Freeport retained the size and feel of a small town while turning out a great deal of manufactured goods during the 1870s and 1880s because much of the work was done at home. Shipments of material for men’s and boy’s clothing came from New York and Boston to be made into garments by women and girls. In the old Oxnard Block there were only twelve employees in the shop; the other eighty worked at home. Life, in fact, was sustained then as now by piecing together several jobs. Perhaps the most colorful examples of this model-and an important developer of nineteenth century Freeport-was E. B. Mallet. Because of a large inheritance, he left Pownal for Freeport where he bought land, built buildings, and developed sources for building materials in granite quarries, a saw mill, and a brickyard, as well as food production in a grist mill, energy in a coal yard, and consumer goods in a general store. The large shoe factory he built launched Freeport into an industry that persists, although in diminished form. His factory buildings were in turn occupied by companies such as A. W. Shaw, where the first telephone was installed in 1904. Mallet, not surprisingly, was given the right to develop the water district in 1891 when he laid 14,400 feet of pipe and installed eighteen hydrants. Mallet was the chairman of Freeport’s celebration of the centennial of Maine statehood in 1920 which included ball games, a free clambake, “pictures” and dancing at the Nordica Theater, and a lecture at the Baptist church by Capt. (later Admiral) Donald B. MacMillan, renowned arctic explorer and graduate of Freeport High School.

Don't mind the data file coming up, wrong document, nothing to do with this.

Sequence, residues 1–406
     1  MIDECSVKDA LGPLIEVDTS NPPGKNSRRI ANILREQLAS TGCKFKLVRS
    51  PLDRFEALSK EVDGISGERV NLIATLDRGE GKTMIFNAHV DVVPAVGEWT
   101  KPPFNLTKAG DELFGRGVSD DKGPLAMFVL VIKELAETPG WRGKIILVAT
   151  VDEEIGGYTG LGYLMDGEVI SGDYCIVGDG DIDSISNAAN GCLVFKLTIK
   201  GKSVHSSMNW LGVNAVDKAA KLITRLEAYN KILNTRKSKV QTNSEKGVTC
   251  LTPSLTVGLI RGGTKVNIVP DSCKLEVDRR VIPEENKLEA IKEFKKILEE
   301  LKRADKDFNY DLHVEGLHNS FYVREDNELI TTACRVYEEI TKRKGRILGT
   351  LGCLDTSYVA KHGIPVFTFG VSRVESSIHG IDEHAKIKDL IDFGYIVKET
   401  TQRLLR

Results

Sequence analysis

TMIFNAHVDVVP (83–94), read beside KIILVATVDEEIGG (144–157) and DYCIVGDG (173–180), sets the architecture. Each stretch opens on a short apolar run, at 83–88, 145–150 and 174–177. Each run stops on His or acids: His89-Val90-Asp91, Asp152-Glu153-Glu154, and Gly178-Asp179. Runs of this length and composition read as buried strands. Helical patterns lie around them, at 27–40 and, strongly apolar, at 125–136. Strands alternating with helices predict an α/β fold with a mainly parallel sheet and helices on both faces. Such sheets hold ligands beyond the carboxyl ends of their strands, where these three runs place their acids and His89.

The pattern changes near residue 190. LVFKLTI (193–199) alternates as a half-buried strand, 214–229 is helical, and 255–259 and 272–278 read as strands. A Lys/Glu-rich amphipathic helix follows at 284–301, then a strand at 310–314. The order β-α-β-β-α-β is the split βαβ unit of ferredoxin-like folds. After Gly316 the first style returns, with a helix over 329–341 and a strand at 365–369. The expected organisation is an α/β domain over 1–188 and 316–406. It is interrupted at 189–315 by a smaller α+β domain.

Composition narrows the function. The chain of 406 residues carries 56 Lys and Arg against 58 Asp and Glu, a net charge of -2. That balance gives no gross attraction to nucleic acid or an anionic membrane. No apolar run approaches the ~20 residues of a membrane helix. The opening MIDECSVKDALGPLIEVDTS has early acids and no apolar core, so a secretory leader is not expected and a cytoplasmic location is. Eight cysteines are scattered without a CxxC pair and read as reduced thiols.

The man in charge of publicity for the centennial was Guy Bean, brother of L.L. Bean, and the outstanding entrepreneur of the generation after Mallet. L.L. and G.C. Bean ran the Walkover Shoe Store in the Davis Block, across Main Street from the future L.L. Bean’s. The design of the Maine Hunting Shoe by L.L. Bean set into motion his energetic and practical imagination. Bean was canny enough to understand the importance of the automobile and its effect on sportsmen and at the same time appreciate the possibilities of selling by catalogue. Bean first occupied the upper floors of the Warren Block, the site of the present retail store, before 1920. Many people will still remember getting into Bean’s by the way of an exterior stairway, even at midnight when the twenty-four-a-day policy began in 1951.